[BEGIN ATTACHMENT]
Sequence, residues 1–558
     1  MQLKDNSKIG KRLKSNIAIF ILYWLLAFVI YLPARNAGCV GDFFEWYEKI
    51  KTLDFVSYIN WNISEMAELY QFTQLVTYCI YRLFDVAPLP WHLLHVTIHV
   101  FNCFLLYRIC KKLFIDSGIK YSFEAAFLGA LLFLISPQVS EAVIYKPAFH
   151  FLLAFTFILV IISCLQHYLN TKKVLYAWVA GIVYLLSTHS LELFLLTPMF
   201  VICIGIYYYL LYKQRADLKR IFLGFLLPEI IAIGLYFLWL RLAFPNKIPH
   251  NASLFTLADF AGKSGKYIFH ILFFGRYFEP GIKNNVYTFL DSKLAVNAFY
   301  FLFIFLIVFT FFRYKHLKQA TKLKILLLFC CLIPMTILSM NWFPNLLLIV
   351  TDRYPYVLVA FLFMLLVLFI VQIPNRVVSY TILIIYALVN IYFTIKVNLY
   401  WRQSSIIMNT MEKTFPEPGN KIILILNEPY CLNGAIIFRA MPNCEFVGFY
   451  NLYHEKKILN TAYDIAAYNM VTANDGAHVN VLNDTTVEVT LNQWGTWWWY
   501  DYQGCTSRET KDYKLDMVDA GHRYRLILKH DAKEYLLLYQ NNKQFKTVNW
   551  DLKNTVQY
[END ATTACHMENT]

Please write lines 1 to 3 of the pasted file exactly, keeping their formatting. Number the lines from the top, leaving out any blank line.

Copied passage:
Sequence, residues 1–558
     1  MQLKDNSKIG KRLKSNIAIF ILYWLLAFVI YLPARNAGCV GDFFEWYEKI
    51  KTLDFVSYIN WNISEMAELY QFTQLVTYCI YRLFDVAPLP WHLLHVTIHV